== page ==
The 'Loose Women' star – who has seen three of her sisters undergo cancer treatment – admits she felt panicked about her own health,
The 52-year-old broadcaster admitted that when she was first told she had cancer, she believed her life was over.
'It’s hard to wrap up your affairs when you feel like you’re going to live another 10 or 15 years.'
'Beverly Hills, 90210' alum Jason Priestley says his TV twin sister Shannen Doherty is a “fighter” amid her battle with terminal breast cancer.
Coleen Nolan has admitted she is considering a mastectomy as sisters Anne and Linda Nolan both battle cancer
Linda and Anne Nolan have both been diagnosed with cancer during lockdown and are supporting each other through treatment.
The TV presenter discovered a lump at the start of lockdown but delayed seeking medical help because of the coronavirus pandemic.
“I think that it took me until I got diagnosed with breast cancer to figure out that love is not something that you tap dance to get,” said Crow, whose exes include Lance Armstrong, Eric Clapton, Owen Wilson and Josh Charles.
The Sally Metcalfe star is now in remission, but "boxed up" her feelings about having breast cancer.
“I just noticed something in my breast — a slight divot,” she said, noting at the time she thought, “What the hell is that? That’s so weird.”
Jeremy Hunt has told MPs a "serious failure" in the breast cancer screening programme meant an estimated 450,000 women were not invited to final screenings.
By Lisa Rapaport (Reuters Health) - - Women with breast cancer who sleep at least nine hours a night may be more likely to die from their tumors than patients who get just eight hours of rest, a recent study suggests. Compared to women sleeping eight hours a night, women who slept at least nine hours were 46 percent more likely to die of breast cancer, the study found. After up to 30 years of follow-up, the women who got more sleep were also 34 percent more likely to die of other causes.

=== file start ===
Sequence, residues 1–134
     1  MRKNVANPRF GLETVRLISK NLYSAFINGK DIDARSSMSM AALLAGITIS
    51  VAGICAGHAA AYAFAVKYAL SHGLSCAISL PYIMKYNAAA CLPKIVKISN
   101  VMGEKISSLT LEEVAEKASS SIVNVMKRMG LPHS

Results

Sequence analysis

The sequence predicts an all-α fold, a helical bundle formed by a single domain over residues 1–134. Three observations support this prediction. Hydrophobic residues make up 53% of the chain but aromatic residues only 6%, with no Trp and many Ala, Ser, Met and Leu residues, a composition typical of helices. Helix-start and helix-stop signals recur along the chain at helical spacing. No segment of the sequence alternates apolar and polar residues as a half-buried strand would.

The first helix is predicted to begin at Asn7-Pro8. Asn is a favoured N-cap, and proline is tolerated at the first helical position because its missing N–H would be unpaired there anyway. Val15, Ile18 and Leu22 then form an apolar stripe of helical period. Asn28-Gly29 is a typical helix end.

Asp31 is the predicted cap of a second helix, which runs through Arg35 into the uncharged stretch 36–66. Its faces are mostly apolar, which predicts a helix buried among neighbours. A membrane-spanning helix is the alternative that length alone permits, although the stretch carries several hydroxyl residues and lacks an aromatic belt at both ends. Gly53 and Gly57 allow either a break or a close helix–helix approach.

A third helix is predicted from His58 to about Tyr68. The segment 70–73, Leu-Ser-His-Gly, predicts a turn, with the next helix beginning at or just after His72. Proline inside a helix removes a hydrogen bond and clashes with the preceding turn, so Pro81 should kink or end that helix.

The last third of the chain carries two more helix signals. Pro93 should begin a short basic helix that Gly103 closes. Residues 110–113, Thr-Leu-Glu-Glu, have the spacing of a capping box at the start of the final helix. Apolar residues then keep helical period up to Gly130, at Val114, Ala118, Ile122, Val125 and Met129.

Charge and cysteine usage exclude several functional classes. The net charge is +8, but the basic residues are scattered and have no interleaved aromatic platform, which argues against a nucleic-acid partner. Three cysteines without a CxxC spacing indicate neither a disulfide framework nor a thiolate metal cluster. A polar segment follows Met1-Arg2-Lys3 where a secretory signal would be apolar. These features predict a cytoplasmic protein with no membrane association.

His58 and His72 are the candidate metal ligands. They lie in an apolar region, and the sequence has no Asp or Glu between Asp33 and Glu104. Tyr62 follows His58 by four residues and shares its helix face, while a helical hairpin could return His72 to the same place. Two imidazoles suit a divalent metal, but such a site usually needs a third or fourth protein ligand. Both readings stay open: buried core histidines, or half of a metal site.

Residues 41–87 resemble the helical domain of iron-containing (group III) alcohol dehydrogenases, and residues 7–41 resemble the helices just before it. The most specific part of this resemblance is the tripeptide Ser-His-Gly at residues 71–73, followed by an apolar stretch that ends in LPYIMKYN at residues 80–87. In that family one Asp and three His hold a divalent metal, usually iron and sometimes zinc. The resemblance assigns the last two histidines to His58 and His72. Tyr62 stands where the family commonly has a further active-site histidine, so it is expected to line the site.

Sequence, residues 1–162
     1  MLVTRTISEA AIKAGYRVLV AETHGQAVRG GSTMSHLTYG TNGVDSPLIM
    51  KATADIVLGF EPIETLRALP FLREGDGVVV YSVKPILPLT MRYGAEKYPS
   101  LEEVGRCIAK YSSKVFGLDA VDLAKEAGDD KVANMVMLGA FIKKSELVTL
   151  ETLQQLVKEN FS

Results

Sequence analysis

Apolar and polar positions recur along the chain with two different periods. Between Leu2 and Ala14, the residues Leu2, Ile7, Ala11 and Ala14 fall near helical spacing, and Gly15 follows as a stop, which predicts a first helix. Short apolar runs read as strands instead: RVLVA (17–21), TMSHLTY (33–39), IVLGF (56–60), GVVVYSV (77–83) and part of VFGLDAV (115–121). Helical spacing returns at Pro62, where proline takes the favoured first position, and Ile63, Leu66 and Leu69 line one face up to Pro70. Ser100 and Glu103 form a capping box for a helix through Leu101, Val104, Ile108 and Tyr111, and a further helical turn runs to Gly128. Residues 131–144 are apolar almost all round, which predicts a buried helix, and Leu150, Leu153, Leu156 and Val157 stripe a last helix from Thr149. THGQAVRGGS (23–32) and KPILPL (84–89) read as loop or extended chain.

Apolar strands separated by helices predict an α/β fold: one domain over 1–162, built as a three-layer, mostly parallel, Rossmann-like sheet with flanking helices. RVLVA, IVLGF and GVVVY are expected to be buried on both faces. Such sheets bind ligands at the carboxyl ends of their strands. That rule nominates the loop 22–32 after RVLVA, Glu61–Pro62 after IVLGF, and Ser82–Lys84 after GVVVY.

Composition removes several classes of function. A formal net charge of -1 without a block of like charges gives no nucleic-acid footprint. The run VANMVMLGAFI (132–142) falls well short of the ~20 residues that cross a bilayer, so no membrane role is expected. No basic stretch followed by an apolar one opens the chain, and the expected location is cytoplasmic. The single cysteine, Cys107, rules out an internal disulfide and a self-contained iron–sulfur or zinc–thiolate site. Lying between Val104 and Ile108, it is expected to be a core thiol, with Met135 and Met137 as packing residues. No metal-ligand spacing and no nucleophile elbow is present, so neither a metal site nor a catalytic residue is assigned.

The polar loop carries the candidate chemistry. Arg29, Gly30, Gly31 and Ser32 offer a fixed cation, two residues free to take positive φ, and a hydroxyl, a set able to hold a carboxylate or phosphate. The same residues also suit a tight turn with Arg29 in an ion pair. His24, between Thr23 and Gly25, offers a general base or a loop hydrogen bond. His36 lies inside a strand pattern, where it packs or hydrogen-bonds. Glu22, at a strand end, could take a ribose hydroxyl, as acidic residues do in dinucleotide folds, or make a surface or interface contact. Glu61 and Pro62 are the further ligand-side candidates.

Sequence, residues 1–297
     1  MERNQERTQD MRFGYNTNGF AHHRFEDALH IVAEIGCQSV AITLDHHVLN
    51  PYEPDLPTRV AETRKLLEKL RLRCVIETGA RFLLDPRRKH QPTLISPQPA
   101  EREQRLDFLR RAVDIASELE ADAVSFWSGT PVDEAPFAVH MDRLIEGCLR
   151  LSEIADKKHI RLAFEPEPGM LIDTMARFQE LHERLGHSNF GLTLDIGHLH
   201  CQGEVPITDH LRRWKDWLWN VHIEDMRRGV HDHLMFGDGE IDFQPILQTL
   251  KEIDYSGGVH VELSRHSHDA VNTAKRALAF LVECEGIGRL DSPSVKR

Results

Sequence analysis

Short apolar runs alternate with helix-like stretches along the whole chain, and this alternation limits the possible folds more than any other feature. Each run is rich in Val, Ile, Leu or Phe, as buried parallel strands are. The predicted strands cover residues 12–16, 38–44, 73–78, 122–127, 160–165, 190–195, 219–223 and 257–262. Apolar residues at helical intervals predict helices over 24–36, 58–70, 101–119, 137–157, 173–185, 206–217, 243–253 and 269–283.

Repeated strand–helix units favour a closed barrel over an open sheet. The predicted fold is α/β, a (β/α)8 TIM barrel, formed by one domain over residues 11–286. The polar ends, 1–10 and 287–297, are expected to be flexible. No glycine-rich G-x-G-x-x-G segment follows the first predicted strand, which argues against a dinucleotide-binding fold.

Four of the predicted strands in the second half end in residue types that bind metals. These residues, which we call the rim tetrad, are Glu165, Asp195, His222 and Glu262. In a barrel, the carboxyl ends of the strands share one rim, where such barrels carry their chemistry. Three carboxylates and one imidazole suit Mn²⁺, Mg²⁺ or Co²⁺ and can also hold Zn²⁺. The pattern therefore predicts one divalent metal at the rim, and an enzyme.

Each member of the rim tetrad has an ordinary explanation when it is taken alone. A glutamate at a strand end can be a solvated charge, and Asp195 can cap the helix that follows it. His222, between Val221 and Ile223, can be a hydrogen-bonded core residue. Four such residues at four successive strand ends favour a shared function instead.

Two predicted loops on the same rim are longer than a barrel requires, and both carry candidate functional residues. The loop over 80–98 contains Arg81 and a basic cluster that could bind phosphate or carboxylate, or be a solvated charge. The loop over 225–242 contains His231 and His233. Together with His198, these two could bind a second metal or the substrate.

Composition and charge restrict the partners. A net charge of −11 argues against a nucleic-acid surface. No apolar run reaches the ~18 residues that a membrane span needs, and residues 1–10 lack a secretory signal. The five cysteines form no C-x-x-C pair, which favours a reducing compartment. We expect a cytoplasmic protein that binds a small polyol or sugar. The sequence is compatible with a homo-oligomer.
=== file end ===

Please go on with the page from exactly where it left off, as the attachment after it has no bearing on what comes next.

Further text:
New research has claimed that women who are lonely are more likely to die from returning breast cancer. The study of nearly 10,000 patients, conducted by the Kaiser Permanente Division of Research in California, found that breast cancer survivors who are socially isolated were 60% more likely to die from the disease if it returns than those who are more socially active. The research also found that lonely women – including some who are married but do not see their friends – had a 40% higher chance of the disease returning in the first place.
Edith Bowman is urging for more women under the age of 50 to go get their breasts checked by doctors. The current NHS Breast Screening Programme invites women aged between 50 and 70 for a screening every three years but Edith feels women should be invited from a younger age. Speaking to Yahoo! Celeb Edith said, 42, said: “When you turn 50 you receive an invitation for a mammogram and it should be younger, but there’s a large proportion of women that don’t go don’t check themselves.
A new study has found that women with the early warning signs of breast cancer are increasingly delaying visits to their doctor. Data from 2,316 women found that although most women with a lump sought help quickly, those with “non-lump” symptoms were more likely to avoid a GP compared with women with a breast lump alone. The study, which is to be presented at the National Cancer Research Institute (NCRI) Cancer conference in Liverpool, found that one in six women with breast cancer visit their doctor with a symptom other than a lump.
Ray Buckley is so adamant about taking part in the Race For Life 5km run in aid of Cancer Research UK that he is donning a wig and make-up and wearing women’s clothes for the event. Race For Life does not allow men to take part but the 59-year-old dad-of-three and stepdad-of-one is hoping he can raise money for charity himself after years of watching his wife Sheila, 65, and stepdaughter Julie Woolley, 45, taking part. Men suffer breast cancer, indeed any form of this vile disease.
A woman with Stage 4 breast cancer has hit out at Facebook over censorship after it removed an awareness-boosting picture of her nipple. Rowena Kincaid, 40, had shared the image of a rash around her nipple to show that lumps aren’t the only indicators of breast cancer. Speaking in a post on her Facebook page called ‘Before I Kick The Bucket’, Kincaid said: “Facebook notified me that it has automatically taken down my last post down due to nudity rules.
Victoria Derbyshire put a smile on our face yesterday morning when she returned to our TV screens less than one month after undergoing breast cancer surgery. Victoria thanked fans for their well-wishes as she fronted her BBC2 morning show, and reassured the audience that she is well on the way to recovery. “They mean a great deal, thank you.” Victoria was diagnosed with breast cancer over the summer, choosing to openly share the news and her battle with the disease back in August. Dressed in a hospital gown and laying in her hospital bed post-surgery, Victoria held up a sign that read: “Hi, this morning I had breast cancer…” Followed by another sign that reads: “This evening I don’t!” Revealing why she decided to so publicly document her cancer fight, the mum-of-two previously explained: “The reason I wanted to talk about what has happened to me is that I am a pretty open person but also because more than one in three people will be diagnosed with cancer.